Healthcare Cybersecurity: Advancing and Innovating Safely

Chua Kim Chuan, Lim Jia Chen, Linus Tham

As the profession increasingly taps on the powers of technology and data, there needs to be vigilance in protecting the healthcare information entrusted to us by patients. In this Feature piece, we invite three authors to share their perspectives and insights into cybersecurity within their respective sectors.

Chua Kim Chuan

I have been a cybersecurity practitioner for over 30 years, long before it was called cybersecurity. As a Chief Information Security Officer of a Singapore healthcare cluster, some of the questions I get asked regularly include "What keeps you awake at night?" and "What can I do to protect my computer from viruses?" These questions underscore the vital importance of cybersecurity in our daily lives.

Clearly, cybersecurity challenges have become much more threatening over the last decade.

It has been four years since cybercriminals accessed SingHealth patient data in one of the worst cyberattacks in Singapore. Cyberattacks in healthcare surged globally last year, with an all-time high of data breaches in 2021 exposing 45.67 million patient records in the United States alone. In Singapore, two private healthcare providers reported customer data theft incidents in the same year.

We should not feel discouraged as there are many things we can do to protect ourselves. I have compiled some cybersecurity practices that can help us all stay cyber-safe, or at least cyber-safer. These measures are evergreen, relevant, critically important and by no means exhaustive.

Keep your IT "house" in order

As a consumer of digital services, we have no control over the actions of "bad actors" – ie, the cybercriminals. But what we can do is to keep our "house in order". By that, I mean keeping the software on our personal computers, smartphones, network routers and webcams up-to-date. Many vendors that take cybersecurity seriously provide automatic updates for their software and it would be a good idea to enable such services, where available.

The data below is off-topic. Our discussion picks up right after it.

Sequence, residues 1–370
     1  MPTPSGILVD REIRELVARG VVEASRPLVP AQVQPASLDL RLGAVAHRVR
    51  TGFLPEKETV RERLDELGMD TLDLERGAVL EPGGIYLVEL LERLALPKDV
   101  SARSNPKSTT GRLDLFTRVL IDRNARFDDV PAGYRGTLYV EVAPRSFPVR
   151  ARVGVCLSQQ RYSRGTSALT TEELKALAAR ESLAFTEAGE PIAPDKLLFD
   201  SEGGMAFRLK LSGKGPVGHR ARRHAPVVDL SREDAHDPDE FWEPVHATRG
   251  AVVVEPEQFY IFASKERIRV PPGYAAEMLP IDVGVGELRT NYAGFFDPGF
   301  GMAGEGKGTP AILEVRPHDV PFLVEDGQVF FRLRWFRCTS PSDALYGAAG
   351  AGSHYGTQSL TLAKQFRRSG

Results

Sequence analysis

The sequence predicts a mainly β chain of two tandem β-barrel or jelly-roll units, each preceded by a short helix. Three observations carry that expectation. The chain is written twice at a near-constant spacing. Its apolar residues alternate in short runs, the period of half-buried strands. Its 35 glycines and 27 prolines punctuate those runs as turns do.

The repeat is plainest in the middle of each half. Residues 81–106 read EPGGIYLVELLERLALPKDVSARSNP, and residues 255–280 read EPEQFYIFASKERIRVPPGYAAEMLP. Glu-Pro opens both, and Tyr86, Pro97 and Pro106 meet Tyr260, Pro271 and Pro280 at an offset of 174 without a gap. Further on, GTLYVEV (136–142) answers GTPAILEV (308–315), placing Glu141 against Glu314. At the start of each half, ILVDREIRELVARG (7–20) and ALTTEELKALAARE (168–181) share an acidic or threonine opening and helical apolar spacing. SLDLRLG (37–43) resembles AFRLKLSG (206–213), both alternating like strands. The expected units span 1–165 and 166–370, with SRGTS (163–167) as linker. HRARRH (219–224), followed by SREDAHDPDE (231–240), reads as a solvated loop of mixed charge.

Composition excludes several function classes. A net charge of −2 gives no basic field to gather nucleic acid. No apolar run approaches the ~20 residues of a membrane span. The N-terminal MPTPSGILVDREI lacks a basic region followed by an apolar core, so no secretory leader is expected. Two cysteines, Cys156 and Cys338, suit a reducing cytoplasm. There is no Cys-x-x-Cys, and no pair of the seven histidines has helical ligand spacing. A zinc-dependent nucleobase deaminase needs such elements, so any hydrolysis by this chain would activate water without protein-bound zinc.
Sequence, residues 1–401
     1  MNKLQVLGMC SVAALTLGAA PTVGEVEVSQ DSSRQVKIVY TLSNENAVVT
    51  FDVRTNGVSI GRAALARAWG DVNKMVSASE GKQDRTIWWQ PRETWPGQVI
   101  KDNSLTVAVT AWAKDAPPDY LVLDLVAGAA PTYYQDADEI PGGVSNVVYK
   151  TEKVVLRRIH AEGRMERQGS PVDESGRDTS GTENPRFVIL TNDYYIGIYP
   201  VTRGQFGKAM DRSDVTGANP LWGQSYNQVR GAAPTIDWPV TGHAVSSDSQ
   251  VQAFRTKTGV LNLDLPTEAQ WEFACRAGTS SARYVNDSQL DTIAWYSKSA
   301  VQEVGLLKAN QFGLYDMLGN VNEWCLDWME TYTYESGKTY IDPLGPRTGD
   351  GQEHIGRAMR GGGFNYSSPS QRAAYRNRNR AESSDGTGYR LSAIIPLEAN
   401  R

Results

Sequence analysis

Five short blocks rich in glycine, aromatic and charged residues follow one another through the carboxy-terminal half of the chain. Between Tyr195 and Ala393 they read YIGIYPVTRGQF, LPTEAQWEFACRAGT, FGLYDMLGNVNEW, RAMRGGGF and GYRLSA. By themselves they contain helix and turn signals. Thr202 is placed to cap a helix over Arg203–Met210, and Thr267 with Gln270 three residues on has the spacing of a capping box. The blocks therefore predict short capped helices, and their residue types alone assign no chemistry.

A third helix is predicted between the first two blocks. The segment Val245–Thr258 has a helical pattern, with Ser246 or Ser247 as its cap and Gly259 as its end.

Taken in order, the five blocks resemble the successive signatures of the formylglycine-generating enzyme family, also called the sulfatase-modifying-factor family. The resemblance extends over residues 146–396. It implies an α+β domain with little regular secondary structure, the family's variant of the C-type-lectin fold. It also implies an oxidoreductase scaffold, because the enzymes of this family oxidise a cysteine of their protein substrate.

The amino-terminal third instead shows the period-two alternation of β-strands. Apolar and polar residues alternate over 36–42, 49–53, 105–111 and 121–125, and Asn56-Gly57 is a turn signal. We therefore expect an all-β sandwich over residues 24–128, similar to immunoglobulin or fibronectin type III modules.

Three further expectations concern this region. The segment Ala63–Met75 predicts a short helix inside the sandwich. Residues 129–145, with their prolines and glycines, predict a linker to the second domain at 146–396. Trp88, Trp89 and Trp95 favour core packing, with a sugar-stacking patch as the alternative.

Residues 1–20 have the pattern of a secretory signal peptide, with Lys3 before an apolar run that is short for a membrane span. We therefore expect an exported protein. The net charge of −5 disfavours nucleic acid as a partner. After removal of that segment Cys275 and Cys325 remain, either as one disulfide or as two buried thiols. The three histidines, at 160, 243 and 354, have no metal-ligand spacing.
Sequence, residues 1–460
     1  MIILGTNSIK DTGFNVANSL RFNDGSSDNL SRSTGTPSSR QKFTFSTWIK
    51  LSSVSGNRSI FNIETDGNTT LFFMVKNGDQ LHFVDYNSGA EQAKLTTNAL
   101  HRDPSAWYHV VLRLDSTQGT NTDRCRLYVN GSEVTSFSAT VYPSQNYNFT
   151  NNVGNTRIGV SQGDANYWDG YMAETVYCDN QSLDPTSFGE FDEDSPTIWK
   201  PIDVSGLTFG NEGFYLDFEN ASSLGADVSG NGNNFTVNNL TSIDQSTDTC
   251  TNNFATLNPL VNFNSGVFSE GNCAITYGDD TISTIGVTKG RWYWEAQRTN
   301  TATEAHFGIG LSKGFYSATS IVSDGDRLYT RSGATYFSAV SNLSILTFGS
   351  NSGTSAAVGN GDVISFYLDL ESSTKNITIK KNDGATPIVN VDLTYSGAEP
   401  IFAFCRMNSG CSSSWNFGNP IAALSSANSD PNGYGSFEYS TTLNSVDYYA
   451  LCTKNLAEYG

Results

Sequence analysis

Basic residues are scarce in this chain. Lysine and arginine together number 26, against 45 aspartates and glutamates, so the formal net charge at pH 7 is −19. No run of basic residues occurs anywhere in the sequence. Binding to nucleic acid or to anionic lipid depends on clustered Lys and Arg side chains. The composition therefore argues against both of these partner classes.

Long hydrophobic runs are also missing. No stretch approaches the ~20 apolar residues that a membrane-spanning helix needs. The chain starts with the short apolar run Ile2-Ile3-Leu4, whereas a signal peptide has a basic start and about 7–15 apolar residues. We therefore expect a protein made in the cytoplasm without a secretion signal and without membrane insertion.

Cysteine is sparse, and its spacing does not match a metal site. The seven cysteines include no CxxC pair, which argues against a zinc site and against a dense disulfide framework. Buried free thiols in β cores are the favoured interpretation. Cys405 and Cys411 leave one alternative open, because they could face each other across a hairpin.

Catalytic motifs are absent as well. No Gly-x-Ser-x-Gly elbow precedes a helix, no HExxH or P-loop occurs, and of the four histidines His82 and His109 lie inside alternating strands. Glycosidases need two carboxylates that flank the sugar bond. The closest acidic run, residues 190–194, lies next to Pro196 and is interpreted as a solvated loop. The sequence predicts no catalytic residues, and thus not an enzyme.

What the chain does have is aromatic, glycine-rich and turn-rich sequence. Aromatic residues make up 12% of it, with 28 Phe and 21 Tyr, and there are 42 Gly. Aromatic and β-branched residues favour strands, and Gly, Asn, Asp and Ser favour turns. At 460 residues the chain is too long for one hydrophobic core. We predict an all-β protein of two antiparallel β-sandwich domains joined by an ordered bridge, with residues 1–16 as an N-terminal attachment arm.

Keeping our house in order also means removing obsolete applications and utility software that you no longer need or use and, most importantly, ensuring that antivirus software and virus signatures are updated. Make sure you purchase products from trustworthy vendors and install applications from trusted application stores to avoid unwanted "backdoors" into your "house". Remember to change the default password on all IT devices, including routers and your Internet Protocol television cameras to prevent unwanted voyeurs.

Protect your digital identity

We interact with most of cyberspace through our "digital identity", like our Apple ID, Google or Microsoft accounts. If we are not careful, these identities can be hijacked and taken over by cybercriminals. We all know the importance of using strong passwords, and it is important to not stop there; you should proceed to activate Two-Factor Authentication (2FA) services for your online accounts. Most of the popular Internet cloud services support multiple 2FA services including SMS One-Time Passwords (OTP), and this should be a default practice whenever we sign up for an Internet service.

Keep your cyber guard up

Cyberspace is an inherently unsafe place, and it is best to be cautious and suspicious when online. Remember that while we protect our digital identities, cyber fraudsters are highly proficient at impersonating friends, colleagues or technical support personnel. Some will make up false identities for the purpose of committing fraud.